Nowadays, the vineyards of Argentina occupy more than 221.7 ha of land, and include over 2,000 wineries. The plantations stretch from the stunning Cafayate valley of the Salta Province in the north, to the valley of Rio Negro in Patagonia in the south, and everywhere in the country the conditions are absolutely perfect for wine production.

Winemaking traditions of Argentina

Vineyards are located 900 meters above sea level on average, making them the most elevated in the world. The majority of vineyards are located in the Mendoza Province (150 thousand ha), and in San Juan (50 thousand ha). In San Juan, the Syrah grape, used to make fortified and very concentrated intense wines, is more widespread than anywhere else in the country.

Mendoza, often called «the land of sun and good wine,» produces about 75% of all wine in Argentina and 95% of exported wine. If you set for yourself the noble goal of visiting every bodega/cellar in Mendoza, you’d have to dedicate a whole year to your pursuits, even if you plan three visits a day.

Historically, Italian winemaking traditions have had a very strong influence in Mendoza. The most common grape here is even the Italian Bonarda, with Sangiovese in the 4th place. There is an apellacion in the valley of the Mendoza river – Lujan de Cuyo («cuyo» means «land of deserts» in one of the local languages) – which many experts consider the top region for red Argentinian wines. The vineyards of Argelo and Tupungato provide excellent material for white wines.

Winemaking traditions of Argentina

By Argentinian standards, Salta is a chilly province. Its climate is good for Cabernet Sauvignon and Torrontes. Wine here is mostly produced in the valleys of Calchaquies, Cafayate, and Cachi. In the Catamarca Province, you can also find excellent wineries near Santa Maria.

Patagonia, located between the Andes and the Atlantic, is the southernmost and coldest wine region of Argentina. Grapes here are cultivated in La Pampa, Neuquen, Rio Negro, and Chubut. The famous Santa Cruz and Tierra del Fuego are still awaiting their breakthrough wine pioneers.

The Argentinians have a famous saying: vino – capitulo aparte («wine is a whole other matter»). No wonder that with such a special attitude towards wine, Argentina takes a proud 5th place in the world by volume of the wine produced. Locals and tourists consume about 90% of all the wine here produced over a year.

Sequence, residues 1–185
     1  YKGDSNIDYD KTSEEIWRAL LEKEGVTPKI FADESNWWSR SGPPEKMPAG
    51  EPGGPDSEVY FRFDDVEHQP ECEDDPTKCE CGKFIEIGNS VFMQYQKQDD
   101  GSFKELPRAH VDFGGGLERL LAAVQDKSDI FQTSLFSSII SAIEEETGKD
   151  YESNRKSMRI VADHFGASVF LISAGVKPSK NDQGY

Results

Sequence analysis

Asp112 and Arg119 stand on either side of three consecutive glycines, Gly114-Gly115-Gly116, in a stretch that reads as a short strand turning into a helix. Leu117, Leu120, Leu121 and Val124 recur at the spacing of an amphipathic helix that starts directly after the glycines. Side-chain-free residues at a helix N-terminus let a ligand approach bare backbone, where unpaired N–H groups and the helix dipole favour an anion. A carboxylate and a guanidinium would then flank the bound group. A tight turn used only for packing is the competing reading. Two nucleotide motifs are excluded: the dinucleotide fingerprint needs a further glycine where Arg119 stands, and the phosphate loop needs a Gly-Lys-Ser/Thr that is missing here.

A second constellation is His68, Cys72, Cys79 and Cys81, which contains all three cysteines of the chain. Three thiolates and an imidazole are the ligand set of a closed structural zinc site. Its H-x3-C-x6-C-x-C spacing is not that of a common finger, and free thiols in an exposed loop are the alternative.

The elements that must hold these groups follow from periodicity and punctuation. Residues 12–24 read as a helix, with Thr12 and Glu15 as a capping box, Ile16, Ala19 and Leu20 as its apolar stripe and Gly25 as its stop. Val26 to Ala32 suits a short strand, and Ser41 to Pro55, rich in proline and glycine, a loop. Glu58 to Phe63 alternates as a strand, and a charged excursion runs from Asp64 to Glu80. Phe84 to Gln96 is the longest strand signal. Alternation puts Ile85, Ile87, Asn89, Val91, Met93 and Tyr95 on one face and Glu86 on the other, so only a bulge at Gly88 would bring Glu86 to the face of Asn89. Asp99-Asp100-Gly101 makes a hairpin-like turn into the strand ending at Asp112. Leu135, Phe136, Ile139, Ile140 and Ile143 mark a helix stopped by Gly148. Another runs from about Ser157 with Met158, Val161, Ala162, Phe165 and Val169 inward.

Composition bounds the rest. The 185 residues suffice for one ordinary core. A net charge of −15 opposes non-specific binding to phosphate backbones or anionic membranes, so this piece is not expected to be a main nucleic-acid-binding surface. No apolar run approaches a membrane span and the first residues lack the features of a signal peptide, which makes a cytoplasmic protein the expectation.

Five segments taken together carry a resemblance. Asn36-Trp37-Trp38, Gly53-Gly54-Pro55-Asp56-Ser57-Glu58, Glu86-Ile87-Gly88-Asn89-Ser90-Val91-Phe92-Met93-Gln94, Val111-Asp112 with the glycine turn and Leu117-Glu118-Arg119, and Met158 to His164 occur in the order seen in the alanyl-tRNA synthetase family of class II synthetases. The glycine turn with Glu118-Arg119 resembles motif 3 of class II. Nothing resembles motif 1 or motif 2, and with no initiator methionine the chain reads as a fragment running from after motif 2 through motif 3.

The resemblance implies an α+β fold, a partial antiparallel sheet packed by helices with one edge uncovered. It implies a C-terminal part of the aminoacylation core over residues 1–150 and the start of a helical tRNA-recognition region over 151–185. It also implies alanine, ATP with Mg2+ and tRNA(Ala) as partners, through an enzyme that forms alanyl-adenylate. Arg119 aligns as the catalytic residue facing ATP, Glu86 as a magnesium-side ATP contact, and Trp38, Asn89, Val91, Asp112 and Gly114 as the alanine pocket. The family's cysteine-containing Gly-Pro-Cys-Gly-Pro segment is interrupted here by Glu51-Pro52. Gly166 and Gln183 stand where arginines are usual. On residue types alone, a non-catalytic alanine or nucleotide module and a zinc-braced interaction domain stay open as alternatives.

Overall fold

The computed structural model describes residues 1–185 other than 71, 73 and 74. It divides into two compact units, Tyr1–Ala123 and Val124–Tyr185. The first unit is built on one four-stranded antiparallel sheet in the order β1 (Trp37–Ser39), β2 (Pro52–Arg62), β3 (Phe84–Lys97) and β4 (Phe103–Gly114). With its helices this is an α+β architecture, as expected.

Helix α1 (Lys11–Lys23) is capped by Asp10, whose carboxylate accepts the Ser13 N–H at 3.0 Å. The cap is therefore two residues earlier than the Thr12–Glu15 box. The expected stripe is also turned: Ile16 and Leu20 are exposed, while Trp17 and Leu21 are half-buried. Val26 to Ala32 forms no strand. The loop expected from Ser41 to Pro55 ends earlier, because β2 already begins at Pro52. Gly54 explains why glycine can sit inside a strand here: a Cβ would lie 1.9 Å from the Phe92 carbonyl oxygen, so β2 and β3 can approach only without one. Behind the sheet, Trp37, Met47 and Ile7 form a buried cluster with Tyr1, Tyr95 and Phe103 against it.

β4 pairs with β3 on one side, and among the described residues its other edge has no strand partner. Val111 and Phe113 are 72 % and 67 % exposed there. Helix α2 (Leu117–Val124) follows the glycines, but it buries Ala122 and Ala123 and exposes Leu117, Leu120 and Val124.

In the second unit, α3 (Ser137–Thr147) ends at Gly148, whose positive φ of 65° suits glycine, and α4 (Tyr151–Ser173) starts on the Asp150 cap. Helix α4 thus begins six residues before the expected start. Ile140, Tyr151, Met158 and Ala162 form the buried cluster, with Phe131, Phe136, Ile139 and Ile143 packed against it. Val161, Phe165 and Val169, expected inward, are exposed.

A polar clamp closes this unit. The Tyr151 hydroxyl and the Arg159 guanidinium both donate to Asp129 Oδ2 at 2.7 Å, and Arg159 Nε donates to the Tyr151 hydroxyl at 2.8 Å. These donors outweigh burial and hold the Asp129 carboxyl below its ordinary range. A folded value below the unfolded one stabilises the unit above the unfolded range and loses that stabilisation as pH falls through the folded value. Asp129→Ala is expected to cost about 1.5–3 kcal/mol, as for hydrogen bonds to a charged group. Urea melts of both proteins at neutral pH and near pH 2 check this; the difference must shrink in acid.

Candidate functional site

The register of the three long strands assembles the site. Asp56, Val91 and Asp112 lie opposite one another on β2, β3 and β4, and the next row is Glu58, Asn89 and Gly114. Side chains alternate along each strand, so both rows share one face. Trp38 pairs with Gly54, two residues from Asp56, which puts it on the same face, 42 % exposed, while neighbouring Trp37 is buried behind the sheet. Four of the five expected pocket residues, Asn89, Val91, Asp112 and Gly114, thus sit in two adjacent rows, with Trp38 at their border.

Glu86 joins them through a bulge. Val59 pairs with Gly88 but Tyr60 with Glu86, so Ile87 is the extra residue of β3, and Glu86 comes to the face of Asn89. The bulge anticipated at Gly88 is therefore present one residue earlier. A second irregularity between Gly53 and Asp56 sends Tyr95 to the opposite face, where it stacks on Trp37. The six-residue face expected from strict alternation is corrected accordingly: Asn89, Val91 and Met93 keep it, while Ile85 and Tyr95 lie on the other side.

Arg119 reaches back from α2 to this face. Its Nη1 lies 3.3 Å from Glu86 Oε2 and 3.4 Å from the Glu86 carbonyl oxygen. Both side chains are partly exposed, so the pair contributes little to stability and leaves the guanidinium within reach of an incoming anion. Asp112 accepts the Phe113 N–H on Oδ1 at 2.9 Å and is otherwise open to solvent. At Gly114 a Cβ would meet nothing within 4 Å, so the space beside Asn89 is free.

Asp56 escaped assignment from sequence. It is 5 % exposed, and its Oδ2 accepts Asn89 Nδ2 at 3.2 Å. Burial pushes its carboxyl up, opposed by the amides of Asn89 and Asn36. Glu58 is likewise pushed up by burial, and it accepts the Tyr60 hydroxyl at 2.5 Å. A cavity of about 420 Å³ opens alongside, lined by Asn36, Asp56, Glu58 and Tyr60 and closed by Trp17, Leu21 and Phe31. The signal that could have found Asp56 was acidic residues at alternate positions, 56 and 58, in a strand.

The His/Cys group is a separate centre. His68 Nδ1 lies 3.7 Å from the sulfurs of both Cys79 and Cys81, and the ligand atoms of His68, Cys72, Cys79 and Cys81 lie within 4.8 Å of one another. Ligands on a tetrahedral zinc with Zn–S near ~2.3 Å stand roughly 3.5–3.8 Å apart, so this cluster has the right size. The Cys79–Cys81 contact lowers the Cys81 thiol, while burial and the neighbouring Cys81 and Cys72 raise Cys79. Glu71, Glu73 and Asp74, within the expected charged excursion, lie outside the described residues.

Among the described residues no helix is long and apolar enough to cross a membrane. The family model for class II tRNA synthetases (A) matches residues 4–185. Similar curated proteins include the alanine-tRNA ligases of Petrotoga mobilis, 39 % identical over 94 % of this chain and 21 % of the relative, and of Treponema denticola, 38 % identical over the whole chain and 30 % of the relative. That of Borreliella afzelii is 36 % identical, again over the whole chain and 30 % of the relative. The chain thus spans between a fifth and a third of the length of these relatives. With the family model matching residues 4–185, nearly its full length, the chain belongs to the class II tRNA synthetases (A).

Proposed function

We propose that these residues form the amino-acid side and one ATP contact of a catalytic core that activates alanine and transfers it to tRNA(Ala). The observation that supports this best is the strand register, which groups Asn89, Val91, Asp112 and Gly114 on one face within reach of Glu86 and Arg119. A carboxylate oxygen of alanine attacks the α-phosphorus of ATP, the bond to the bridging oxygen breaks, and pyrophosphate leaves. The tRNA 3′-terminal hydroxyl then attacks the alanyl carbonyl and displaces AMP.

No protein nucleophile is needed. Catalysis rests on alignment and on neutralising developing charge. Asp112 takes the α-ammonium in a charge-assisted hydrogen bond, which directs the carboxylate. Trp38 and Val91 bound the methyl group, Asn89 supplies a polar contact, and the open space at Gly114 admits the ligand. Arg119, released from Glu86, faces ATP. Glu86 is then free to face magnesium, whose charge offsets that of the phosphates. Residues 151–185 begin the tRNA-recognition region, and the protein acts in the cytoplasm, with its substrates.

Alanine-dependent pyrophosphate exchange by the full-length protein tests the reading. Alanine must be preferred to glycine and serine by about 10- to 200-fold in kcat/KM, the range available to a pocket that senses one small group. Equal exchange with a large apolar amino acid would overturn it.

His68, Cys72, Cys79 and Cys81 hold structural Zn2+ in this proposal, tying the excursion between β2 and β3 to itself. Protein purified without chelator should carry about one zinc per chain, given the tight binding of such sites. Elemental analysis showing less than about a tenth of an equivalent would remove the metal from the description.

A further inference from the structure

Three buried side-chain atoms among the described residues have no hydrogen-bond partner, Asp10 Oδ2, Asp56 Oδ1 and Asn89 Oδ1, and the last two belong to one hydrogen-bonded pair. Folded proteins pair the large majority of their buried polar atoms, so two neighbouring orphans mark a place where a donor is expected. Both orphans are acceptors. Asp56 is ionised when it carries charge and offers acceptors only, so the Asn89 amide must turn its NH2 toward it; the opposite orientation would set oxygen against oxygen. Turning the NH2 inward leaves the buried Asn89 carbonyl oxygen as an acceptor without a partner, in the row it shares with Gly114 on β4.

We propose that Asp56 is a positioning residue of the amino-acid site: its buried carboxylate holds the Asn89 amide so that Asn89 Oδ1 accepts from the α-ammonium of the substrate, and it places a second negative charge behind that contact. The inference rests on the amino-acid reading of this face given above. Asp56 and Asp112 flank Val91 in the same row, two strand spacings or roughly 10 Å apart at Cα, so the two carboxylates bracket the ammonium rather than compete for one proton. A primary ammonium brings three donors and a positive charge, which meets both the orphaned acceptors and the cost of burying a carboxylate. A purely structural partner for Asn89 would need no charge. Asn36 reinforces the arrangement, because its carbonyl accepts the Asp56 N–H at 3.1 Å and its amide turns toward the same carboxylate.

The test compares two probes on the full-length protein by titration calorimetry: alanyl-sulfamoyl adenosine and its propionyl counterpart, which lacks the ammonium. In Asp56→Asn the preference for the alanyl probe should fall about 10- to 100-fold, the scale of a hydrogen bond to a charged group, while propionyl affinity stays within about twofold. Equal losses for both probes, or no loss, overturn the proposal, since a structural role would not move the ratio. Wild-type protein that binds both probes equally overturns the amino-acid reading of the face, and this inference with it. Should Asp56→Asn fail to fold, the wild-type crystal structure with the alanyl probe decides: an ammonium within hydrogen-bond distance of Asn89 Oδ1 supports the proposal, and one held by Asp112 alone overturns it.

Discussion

The major bulk of exported wine is shipped to Great Britain, continental Europe, Scandinavia, the USA and Japan. The Swarovski family owns the Norton winery in Mendoza, and French actor Gerard Depardieu also has vineyards in Argentina.

Winemaking traditions of ArgentinaThe Malbec grape is the national crown jewel of Argentina. It is used to make wine that has earned passionate fans on all continents. About 22,500 ha of land in Argentina is occupied by Malbec plantations. Young Malbecs are fresh, lively wines with floral notes, a fruity flavor and smooth tannins.

Malbec Rose are young bright-pink wines. The ageing period for Malbecs is approximately 3–4 months, resulting in a full-bodied, very complex wine with an aroma of red fruit and soft tannins. Premium wines are fermented for at least 10 months. These are very mature beverages, complex and well-structured, with a potential for long ageing.

Argentina produces red sparkling Malbecs and port-like Malbecs. Argentina is also known for its hard liquors—whiskey, gin, vodka, liqueurs, and grape brandy. The Pablo Ibarreche SRL distillery produces several types of rum in the Tucuman Province, and apple cider in Cuyo.

Argentina has its own culture surrounding alcohol consumption. For instance, it isn’t appropriate to drink any alcohol (except for beer) before 6 PM. In general, Argentinians drink quite a lot, but you’d be hard pressed to find anyone heavily intoxicated on the street or in a restaurant.

A popular Argentinian joke is that «wine tasting should be accompanied not by cheese, but by a woman’s kiss.» I am not sure how close the locals take this saying to heart, but I know that Argentina produces a great number of quality cheeses, such as Brie, Emmental, Roquefort, Reggianito (a type of Parmigiano Reggiano), Sardo (type of Pecorino) and Quesillo.

Mate is one of the most popular beverages in the country, and people drink it whenever and wherever. Many of them even carry a thermos with hot water around, just in case they feel like having some mate. To brew mate, one needs a pava teapot, calabaza gourd, and a bombilla straw made from silver or reed to sip the drink.

Argentinians have turned drinking mate into a custom and a ritual. For example, the utensils used for it can be given as gifts and inherited as valuable and prized possessions.

Winemaking traditions of Argentina